Can You Buy a Car With a Repossession on Your Credit Reports?

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Bethany Hickey is a Content Manager and Writer for Auto Credit Express, CarsDirect, and many other automotive blogs. She's a graduate from the University of Michigan-Flint, with a bachelor’s in English-Writing. 

, Content Manager - April 21, 2021

Yes, you can get a car loan with a repossession on your credit reports. It gets easier to get an approval the older the repo is, but it’s still possible relatively soon afterward with the right lender.

Lenders to Consider After a Repo

Once your credit score falls below 660, it can be a struggle to find an auto loan approval unless you work with bad credit lenders. As a general rule, most traditional auto lenders aren’t likely to approve you for a car loan with a recent repossession on your credit reports.

With all that being said, you have two main options to consider for a bad credit auto loan after a vehicle repossession:

  • Subprime lenders, or bad credit lenders, are likely to only consider your auto loan application if the repossession is at least one year old. If it’s been less than 12 months since the repo, and it may be challenging for you to get an approval. They do, however, assist borrowers with all sorts of bad credit situations caused by things like repossession, bankruptcy, or just credit that’s seen better days. After it’s been a year since the car repo, a subprime lender could be your ticket to an auto loan even if your credit score hasn’t completely bounced back.
  • Buy here pay here (BHPH) dealerships, also called tote the note car lots, are unique in their lending process because they don’t rely on a third-party lender’s approval to get you into an auto loan. They do all the car selling and financing in-house, appropriately named in-house financing. A BHPH dealership may not check your credit at all which means your recent repo (whether it happened two days ago or two years ago) doesn’t matter in your auto loan eligibility.

Remember, traditional lenders typically reserve their car loans for borrowers with good credit. These lenders are usually credit unions, banks, captive lenders of some automakers, and some online lenders. They may be willing to consider you after the repossession is a year old, but this varies. The damage of default and/or subsequent repossession may hurt your credit score so much that it’s hard to meet a traditional auto lender’s credit score requirements as well.

However, subprime lenders and BHPH dealers don't rely as heavily on your credit score, making them the wise choice when you need a bad credit car loan.

Which Option Is for You?

There are a few things to keep in mind before you choose between a subprime lender and a BHPH dealer.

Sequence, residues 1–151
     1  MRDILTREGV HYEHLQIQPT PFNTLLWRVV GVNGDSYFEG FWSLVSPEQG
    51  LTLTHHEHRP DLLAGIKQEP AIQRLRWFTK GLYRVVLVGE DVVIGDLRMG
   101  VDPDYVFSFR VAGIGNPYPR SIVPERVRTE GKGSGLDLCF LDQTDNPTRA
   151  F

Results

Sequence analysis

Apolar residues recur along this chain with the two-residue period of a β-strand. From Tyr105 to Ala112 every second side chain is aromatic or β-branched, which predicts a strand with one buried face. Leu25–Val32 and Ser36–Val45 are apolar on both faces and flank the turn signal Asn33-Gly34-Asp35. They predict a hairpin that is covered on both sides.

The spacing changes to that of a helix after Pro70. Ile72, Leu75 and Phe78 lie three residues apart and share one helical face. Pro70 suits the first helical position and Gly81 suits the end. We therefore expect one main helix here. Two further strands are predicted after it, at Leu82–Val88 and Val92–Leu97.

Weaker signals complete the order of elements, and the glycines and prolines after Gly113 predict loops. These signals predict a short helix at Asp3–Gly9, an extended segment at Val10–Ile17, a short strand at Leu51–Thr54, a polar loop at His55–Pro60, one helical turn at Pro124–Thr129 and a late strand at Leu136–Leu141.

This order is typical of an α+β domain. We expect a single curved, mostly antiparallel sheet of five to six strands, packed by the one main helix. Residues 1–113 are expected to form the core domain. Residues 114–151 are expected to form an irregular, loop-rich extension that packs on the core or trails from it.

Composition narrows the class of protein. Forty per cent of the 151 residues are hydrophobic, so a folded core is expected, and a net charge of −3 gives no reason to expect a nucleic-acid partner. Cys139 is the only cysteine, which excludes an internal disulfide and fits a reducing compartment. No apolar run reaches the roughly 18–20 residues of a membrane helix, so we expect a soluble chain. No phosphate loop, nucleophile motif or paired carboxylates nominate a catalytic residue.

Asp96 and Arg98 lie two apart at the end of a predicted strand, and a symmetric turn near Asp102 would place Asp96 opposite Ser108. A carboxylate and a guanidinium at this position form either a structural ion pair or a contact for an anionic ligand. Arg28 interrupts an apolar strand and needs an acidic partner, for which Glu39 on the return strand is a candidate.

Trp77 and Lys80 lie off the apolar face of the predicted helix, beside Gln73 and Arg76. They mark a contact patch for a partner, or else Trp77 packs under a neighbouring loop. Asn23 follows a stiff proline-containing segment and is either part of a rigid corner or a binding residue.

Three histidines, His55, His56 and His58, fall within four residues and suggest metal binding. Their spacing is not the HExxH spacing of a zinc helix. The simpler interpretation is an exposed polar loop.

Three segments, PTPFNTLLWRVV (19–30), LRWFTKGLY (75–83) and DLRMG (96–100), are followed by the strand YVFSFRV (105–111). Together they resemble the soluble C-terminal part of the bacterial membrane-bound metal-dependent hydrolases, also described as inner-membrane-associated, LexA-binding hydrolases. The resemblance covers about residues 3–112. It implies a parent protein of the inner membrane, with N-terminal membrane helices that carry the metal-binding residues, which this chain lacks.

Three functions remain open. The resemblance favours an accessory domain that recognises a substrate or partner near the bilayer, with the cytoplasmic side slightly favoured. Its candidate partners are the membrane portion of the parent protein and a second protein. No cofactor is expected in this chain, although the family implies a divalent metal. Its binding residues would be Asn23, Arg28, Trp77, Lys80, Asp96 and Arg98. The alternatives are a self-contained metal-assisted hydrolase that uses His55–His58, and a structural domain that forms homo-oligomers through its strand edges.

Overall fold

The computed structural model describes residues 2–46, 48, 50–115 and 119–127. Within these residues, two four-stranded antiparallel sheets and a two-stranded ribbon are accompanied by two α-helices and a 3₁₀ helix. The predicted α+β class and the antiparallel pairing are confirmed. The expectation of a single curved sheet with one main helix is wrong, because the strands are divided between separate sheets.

First, how old is your repossession? If it’s at least one year old, then a subprime lender may be a better choice. Because subprime lenders are signed up with both franchised and independent dealerships, you typically have both new and used vehicles to choose from based on your eligibility and income. Additionally, subprime lenders report their loans to the national credit bureaus which gives you the opportunity for credit repair. Your timely car loan payments can help you repair your credit after the damage of repossession.

If your repo happened less than 12 months ago and you need a vehicle right away, then going with a BHPH dealership could give you a higher chance of approval. These dealers only sell used vehicles, but if they don’t check your credit reports, then your recent repo doesn’t matter to them. However, when a lender doesn’t check your credit, it means that your on-time payments aren’t going to be reported either – so your credit doesn’t improve if you stay current on the loan.

In terms of credit repair, a subprime lender is usually a better choice. If improving your credit is a priority you can ask the lender about their reporting practices to see if your credit score is likely to benefit from the auto loan.

The Impact of a Repossession

Your credit reports reflect a repossession for up to seven years – but there’s good news. Over time, that repo has less of an impact on your credit score. And after seven years, it’s not on your credit reports at all.

Most negative marks on your credit reports fall off after seven years, too. So missed or late payments that you may have had that lead up to the repo fall off as well. And if you take on new credit you can comfortably afford that’s reported, you can improve your credit for the better.

Let’s Get You Back on the Road

At CarsDirect, we know how tough it can be to find auto lenders that can accommodate bad credit situations, like a past vehicle repossession. Instead of driving all over town to look for one, let us do that legwork for you.

Over the last two decades, we’ve gathered a network of dealerships that assist bad credit borrowers – and our connections are all over the country. To get matched to a dealer in your local area and start the search for your next car loan, fill out our three-minute auto loan request form.


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, Content Manager

Bethany Hickey is a Content Manager and Writer for Auto Credit Express, CarsDirect, and many other automotive blogs. She's a graduate from the University of Michigan-Flint, with a bachelor’s in English-Writing. 

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